What I lost in translation at both ends of the Great Divide.

And what I found for making that attempt to bridge the chasm.

Saturday, October 9, 2010

Chinese Myth – Nuwa Created Human.女娲造人


In every culture there is one Goddess that stands out among all else and in the Chinese culture it is Nuwa 女娲 Nǚwā . The Earth created by Pangu 盘古 Pángǔ (see post: Pangu Created the Universe. ) was a lonely and uninhabited place. Nuwa came down to live in it but was lonely as she was the only goddess on earth.

One day, she came across a crystal clear pond. When she saw her own reflection in the water, it occurred to her to make a figure of herself from the clay by the pond. When it was placed on the ground, she was delighted when it came to life and jumped around her. Whereupon, she continued to make many more figures and they all danced round her and called her “mother”. They then dispersed to populate the land.

But the earth is vast and boundless, and she tires of sculpting them by hand. So she grabbed a vine, dipped it into the mud and flicked drops of mud into the ground. These too came to life and became human. This way, she was able to make countless human who scattered to all parts of the earth and she was no longer lonely. As human is mortal, she taught them matrimonial relationship so they could bear children and continued the propagation of the human race. This is the reason why the Chinese will tell you that it is Nuwa who created human 女娲造人 Nǚwā zàorén . And why in the second month of every lunar year, thousands of Chinese will pray to her for love and fertility.

Sunday, October 3, 2010

The Cruelty of the Nine-Tailed Fox Daji - 妲己


In an earlier post (千字文 – Line 13), it was mentioned that it was the beautiful concubine Daji 妲己 who caused the downfall of the Shang dynasty. King Zhou conquered the state of Yousu 有蘇 yǒusū and took Daji as his prize (be careful of what you win). He became extremely besotted with her beauty and lost all interest in state affairs but instead caters to her every whims and extreme cruelty to amuse her.
She is said to derive great joy at hearing people cry in physical torment. She ordered a farmer’s feet to be cut off so she can study why he can withstand crossing icy water. And a pregnant women’s belly to be cut open to see if her guess of the sex of the baby is correct. To verify an ancient saying that "a good man's heart has seven apertures", she even had the heart of the minister Bi Gan (King Zhou's uncle) dug out.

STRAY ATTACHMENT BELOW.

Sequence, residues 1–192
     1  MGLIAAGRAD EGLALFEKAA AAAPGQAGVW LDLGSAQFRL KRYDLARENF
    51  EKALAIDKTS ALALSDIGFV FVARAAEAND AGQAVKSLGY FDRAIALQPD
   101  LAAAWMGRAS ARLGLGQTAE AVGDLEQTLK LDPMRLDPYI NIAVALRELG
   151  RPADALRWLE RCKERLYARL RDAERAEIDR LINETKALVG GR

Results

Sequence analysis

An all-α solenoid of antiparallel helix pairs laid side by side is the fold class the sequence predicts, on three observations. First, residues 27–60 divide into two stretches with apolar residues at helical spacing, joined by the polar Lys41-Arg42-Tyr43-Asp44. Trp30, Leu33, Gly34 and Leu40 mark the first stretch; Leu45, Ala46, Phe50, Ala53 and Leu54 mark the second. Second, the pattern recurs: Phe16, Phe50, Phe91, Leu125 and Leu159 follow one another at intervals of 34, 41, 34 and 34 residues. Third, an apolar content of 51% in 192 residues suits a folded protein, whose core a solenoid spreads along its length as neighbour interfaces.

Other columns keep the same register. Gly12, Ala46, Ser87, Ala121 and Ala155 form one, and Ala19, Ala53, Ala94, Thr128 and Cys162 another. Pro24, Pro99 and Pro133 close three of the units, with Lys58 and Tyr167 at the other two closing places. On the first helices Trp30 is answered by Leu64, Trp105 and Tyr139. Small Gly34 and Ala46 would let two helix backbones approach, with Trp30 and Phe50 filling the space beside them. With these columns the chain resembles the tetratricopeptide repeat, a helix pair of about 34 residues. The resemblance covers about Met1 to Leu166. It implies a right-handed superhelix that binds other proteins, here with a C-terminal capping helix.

She is claimed to have invented many instruments of torture, the most famous of which is the bronze toaster or Paoluo 炮烙 páoluò. The poor victim is tied to this twenty feed tall charcoal heated cylinder and fried alive. Another of her invention is the snake pit where victims are thrown into a pit of venomous snakes and spiders. His own people disgusted with these acts of cruelty, revolted against King Zhou’s tyranny and supported King Wu of Zhou when he attacked. Daji was executed on the order of King Wu on the advice of Jiang Ziya (see last post).
In the novel Fengshen Yanyi 封神演义 fēngshényǎnyì translated as “The Investiture of the Gods” or “The Creation of the Gods”, Daji was a nine-tailed fox spirit Huli jing 狐狸精 . In it, King Zhou visited an ancient temple of the Goddess Nuwa 女娲; nǚwā, he insulted the Goddess when he expressed his lust for her. Nuwa sent Daji, the ten thousand year vixen, a nine-headed pheasant spirit and jade pipa spirit to bewitch the king and hasten his downfall. There were many other interesting tales in this novel. In the end, Daji was condemned by Nuwa herself because of her extreme cruelty. This is the most famous Chinese classic tale of how a beauty caused the downfall of an empire and you can have either the historical or fairy tale version.

Thursday, September 30, 2010

Fishing Without Hook. 太公钓鱼


In the last post we mentioned the capable Zhou minister Jiang Ziya 姜子牙 Jiāng Zǐyá who is more popularly known as Tai Gong Wang 太公望 Tàigōng Wàng because of the proverb 太公钓鱼 Tàigōng diàoyú , 愿者上钩 yuànzhě shànggōu。It means: "When Taigong fishes, the fish willingly take the bait."